6. 2 Many Dogs, Dog Psych, or whichever you may be,

    The poll you reference sounds significant on its own, and it may be. However, after receiving communications in which O’Connor-Shaver told her masses of “companion pet lovers” of every land to visit that site and vote against the auction, it appears the result could have more to do with those who voted.

    That’s why newspaper poll results are generally considered “unofficial.”

    It is difficult to say how the state would vote. So far, more than 100,000 signatures are still needed before we find out.

  7. 4Truth,

    The veterinarian you mention holds a degree as a doctor of veterinary medicine in this state, and is one of the veterinarians who conducts inspections at this sale.

    That makes her a credible source for this story, and her comments and observations deserve to be reflected.

  8. To Ms. Crowell:

    Speaking of bias, let me play back for you Mr. Kick’s own words:

    ” . . . O’Connor-Shaver told her masses of “companion pet lovers” ‘

    Please do not claim that the bias there is invisible. Sarcasm has no place in the tool kit of un-biased reporters. As was already stated, Kick’s article is nothing but his personal opinion, and you have no business presenting it as fact. Editorials go in the Letters to the Editor column.

    Interesting that you are concerned about mis-using polls, but other misrepresentations and lies of ommission seem to be no issue. Where was the Neuhart assault in this story? Seems to be somewhere under the rug, hanging around with the fleas. Harold Neuhart is no more credible than the vet, Teresa Hoxworth, who continues to cover up the suffering she witnesses. It disgusts me that anyone in the veterinary profession could be so unethical. (Please do not use her degree to indicate trustworthiness. Plenty of M.D.s practice unethically. Educational degrees and licensures are not accurate predictors of ethics.)

  9. “Often we allow ourselves to be upset by small things we should despise and forget. We lose many irreplaceable hours brooding over grievances that, in a year’s time, will be forgotten by us and by everybody. No, let us devote our life to worthwhile actions and feelings, to great thoughts, real affections and enduring undertakings.”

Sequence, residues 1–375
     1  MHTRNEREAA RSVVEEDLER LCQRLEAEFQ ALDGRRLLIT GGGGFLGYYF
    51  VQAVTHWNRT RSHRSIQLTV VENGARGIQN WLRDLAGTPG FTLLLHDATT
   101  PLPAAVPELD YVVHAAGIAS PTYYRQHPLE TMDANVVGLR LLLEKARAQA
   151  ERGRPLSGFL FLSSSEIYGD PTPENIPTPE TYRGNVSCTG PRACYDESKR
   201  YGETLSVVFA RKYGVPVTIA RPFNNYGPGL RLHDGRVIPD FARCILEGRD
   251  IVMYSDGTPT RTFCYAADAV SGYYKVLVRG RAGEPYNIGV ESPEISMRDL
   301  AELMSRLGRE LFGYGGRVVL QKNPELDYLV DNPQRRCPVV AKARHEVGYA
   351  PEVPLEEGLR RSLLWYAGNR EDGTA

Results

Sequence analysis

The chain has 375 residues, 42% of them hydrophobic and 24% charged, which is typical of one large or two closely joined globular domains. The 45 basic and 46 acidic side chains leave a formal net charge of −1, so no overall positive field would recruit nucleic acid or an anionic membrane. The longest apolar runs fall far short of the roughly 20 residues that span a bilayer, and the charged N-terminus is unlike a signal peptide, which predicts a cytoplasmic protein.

André Maurois (1885-1967) French writer.

  10. my chruch group n i do dog rescues n just heard of this place called back to kennel sale … buck eye dog auction… and or farmerstown dog auction… we are very intrested to go n help n to bring dogs home to foster if you have ne info or directions, n when the next one is occuring n time we would greatly appreciate it u can write me at

  11. Maybe if pounds and rescue places would bring down the price a little more animals would be adopted out and the vets up here in ohio charge an arm and leg to fix a dog or cat it is unreal. Auctions need to be stoped you never know where the dog is going to end up. In oklahoma if you are giving away or selling a dog or cat you can call the sheriffs office and see if the people wanting the animal has ever had animal abuse charges brought against them it is public record. Where I am from in OK it cost 25 dollars to adopt a dog from the pound and get some of that back when it is fixed,also the vets dont charge an arm and leg to fix them. I called a vet here in ohio to get my corgie fixed they wanted 150 plus dollars to fix a corgie, ill take her back to OK when we visit and get her done there. Every one complains about the population of dogs and cats but they never do anythang to bring down the prices to fix them so people can actually afford it. Puppy mills, auctions and the outragous pricing need to be stoped.I would love to get a couple cats for the farm but I dont see paying 100 dollars for a farm cat.I dont want an inside cat I want an outside cat so that leaves out adopting anyway.

  12. boda is holding a meeting in holmes county this month. reservations are full but they may be able to make room for a couple more people.